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Comparison of Terdiurnal Tidaloscillations in Mesospheric OH Rotational Temperature and Na Lidar Temperature Measurementsat Mid-latitudes

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Earth, Planets and Space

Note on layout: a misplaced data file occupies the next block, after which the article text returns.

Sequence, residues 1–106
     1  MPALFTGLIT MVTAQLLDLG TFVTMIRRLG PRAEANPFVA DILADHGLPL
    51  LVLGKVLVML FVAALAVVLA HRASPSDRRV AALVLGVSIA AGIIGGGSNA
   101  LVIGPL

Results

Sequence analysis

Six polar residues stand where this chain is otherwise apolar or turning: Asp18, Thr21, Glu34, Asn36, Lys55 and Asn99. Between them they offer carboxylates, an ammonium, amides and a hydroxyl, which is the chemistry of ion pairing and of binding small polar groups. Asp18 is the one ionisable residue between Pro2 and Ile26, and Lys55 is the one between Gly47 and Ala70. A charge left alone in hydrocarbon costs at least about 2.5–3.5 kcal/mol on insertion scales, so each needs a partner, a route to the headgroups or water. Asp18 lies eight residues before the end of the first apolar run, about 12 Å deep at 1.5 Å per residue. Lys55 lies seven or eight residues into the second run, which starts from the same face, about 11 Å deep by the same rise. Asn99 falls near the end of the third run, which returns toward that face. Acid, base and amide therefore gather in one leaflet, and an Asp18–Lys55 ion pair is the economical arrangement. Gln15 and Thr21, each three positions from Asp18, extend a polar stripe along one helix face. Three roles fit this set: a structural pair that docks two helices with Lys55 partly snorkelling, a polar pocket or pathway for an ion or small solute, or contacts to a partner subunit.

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Results from two different instrumental techniques, an Na Wind/Temperature Lidar and an OH Mesospheric Temperature Mapper, have been combined to investigate the occurrence and properties of the mid-latitude terdiurnal (8-hr) tide at near mesopause altitudes (80–105 km). High-resolution Na lidar measurements were taken throughout the diurnal and annual cycle (1996–98) at Urbana, Illinois (40°N, 88°W) to characterize the seasonal behavior of the 24, 12, 8 and 6-hr tides. Complementary measurements using a recently developed CCD imager capable of mapping OH temperature (at ∼87 km altitude) were made from Bear Lake Observatory, Utah (41.9°N, 111.6°W) and Ft. Collins, Colorado (40.6°N, 105°W) within the same time period. The “mean day” lidar data for the spring and fall periods investigated here each indicate an average amplitude variation of ∼2–5 K over the depth of the OH layer but distinct phases of <1-hr LST and ∼7-hr LST, respectively, for the 8-hr component. The Temperature Mapper data are in excellent agreement with these findings but in addition have shown that the amplitude of this tidal component can vary by as much as an order of magnitude (1.5–15 K) on a night-by-night basis resulting in an apparent 8-hr dominance of the nocturnal variation during investigated portions of the spring and fall seasons with little or no diurnal and semi-diurnal variability evident. Reports of terdiurnal tidal measurements in the mid-latitude nightglow emissions are exceptionally rare and have yet to be modeled. These innovative joint measurements pave the way for new research in this important area.

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